Q. Then what happened?

A. Your client fell down.

Q. Did the door strike her at that time?

A. Not to my knowledge.

Q. Do you know what caused my client to fall down?

A. No.

Plaintiff gave her version of events in her New York General Municipal Law 50-h hearing on October 20, 2009. She testified as follows:

Q. What happens when the police officer gets there?

A. He starts talking to Matt. I went over to him and said, "You need to tell him to move his vehicle. I have a 6:30 appointment. And also his girlfriend does not belong here, he was told not to bring her on my property."

Q. So, you informed the police officer of that information that, one, you had to leave and, two, that his girlfriend wasn't welcome at your property; right?

A. Right.

Q. Where were you when you had that conversation?

A. In the driveway. *** A. ... I'm standing sort of close to the policeman saying, "He needs to leave now."

Q. And what happens next?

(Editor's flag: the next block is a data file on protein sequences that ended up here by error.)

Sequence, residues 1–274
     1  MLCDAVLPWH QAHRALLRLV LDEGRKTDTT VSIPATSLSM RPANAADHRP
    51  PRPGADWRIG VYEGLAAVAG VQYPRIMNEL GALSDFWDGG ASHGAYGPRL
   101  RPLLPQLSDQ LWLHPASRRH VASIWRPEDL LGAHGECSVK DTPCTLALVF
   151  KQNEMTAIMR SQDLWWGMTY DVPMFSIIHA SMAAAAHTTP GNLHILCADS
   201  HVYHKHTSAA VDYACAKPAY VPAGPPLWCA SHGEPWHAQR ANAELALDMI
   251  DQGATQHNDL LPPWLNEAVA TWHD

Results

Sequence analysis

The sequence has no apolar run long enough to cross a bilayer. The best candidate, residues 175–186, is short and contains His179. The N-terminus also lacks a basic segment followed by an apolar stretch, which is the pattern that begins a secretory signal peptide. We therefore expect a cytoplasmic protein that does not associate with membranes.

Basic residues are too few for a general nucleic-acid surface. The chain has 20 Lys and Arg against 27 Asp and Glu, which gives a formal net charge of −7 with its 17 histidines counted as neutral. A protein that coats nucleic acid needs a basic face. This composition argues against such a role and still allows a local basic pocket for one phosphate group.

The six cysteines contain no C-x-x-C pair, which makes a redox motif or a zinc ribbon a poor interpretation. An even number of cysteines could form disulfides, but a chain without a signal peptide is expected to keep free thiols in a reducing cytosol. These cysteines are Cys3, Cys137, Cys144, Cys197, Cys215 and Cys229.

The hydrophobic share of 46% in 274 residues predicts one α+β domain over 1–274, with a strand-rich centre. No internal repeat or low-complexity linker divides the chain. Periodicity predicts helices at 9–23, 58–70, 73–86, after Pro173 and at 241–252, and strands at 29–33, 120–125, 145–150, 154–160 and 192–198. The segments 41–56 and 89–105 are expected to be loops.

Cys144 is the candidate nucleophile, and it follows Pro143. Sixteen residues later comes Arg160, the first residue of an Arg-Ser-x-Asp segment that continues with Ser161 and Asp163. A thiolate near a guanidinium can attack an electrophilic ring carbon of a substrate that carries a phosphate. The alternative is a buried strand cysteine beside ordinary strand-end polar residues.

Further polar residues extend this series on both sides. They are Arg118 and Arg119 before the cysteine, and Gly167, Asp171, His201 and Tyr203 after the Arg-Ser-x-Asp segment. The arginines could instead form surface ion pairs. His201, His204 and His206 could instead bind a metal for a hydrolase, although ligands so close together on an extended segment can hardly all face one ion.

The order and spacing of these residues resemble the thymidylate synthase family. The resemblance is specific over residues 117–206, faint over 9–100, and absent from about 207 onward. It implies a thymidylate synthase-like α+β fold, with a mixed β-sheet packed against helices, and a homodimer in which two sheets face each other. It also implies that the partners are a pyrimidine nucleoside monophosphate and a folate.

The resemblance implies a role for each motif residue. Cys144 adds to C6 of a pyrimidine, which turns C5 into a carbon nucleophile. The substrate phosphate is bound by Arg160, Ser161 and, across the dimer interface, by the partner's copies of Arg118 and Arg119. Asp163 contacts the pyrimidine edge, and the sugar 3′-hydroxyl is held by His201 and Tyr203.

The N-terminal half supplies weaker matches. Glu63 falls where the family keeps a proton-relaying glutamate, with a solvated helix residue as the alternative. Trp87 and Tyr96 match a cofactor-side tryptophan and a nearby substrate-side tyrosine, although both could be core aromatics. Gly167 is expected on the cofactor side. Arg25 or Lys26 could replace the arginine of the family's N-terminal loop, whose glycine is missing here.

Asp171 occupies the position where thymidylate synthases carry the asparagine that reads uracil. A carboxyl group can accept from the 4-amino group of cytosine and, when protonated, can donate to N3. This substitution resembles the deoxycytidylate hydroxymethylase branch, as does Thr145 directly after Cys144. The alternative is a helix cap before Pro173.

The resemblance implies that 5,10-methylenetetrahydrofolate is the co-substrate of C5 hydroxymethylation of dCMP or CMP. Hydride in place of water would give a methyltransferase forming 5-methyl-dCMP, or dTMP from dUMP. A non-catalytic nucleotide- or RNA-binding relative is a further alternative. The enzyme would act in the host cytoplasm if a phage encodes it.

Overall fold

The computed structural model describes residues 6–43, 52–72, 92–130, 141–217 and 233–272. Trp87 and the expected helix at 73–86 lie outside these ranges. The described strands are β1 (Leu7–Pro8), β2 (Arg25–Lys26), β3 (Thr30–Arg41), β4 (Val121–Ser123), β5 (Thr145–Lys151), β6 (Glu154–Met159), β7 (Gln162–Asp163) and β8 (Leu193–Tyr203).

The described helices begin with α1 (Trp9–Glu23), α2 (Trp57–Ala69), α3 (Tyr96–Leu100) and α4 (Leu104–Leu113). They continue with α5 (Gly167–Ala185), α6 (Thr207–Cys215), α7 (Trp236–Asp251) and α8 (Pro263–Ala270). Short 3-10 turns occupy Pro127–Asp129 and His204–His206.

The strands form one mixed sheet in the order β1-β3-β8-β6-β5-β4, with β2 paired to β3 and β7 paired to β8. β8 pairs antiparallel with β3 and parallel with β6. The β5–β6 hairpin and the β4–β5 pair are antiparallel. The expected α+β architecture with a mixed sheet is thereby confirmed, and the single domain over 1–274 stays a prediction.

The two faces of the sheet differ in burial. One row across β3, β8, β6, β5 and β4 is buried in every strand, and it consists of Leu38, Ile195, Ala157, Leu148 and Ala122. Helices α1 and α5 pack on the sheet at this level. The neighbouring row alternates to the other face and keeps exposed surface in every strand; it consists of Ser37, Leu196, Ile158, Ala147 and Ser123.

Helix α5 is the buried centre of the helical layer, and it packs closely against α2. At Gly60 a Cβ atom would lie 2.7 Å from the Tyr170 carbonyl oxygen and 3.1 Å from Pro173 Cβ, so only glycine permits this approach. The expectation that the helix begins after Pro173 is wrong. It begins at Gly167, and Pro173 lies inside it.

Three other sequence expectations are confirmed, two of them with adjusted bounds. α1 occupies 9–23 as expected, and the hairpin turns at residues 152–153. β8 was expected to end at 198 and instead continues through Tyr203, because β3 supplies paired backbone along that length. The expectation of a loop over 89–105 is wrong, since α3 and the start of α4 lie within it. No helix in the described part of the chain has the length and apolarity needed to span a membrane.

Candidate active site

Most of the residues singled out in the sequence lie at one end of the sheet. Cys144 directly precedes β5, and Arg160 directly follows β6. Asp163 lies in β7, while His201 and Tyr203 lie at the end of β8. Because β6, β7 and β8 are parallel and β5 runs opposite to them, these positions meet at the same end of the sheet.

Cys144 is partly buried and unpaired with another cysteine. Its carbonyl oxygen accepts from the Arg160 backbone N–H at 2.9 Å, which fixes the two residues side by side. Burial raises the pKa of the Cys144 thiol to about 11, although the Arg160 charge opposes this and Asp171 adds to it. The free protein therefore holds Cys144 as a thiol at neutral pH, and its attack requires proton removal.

A. Um -- he says, "I'm going to talk to your son for awhile." I believe he said that to me. I went in the house, and I believe at that point I had Kim on the cell.

Q. Now, who is Kim?

A. My daughter.

Q. And you were speaking to her about what was going on?

A. Yes.

Q. Where does Kim live, or where did she live back in March if it's different?

A. She lives in North Miami Beach, Florida.

Q. And what did you and Kim discuss?

A. I told her that the policeman was here, Matthew was in the driveway, he wasn't doing anything about it. The policeman --

Q. When you say he's not doing anything about it, you're referring to the police officer is not doing anything about Matthew being there?

A. Getting off my property. And the policeman told me he had a right to be there. This was outside before I came in the house. Can we back up?

Q. Sure.

A. He said, "He has a right to be here, he's a resident." And I said, "He's not a resident, he moved out last weekend." And he said, "He's still a resident if he has property here." And I went in the house and I spoke to Kim. And then he knocked on my door -- ...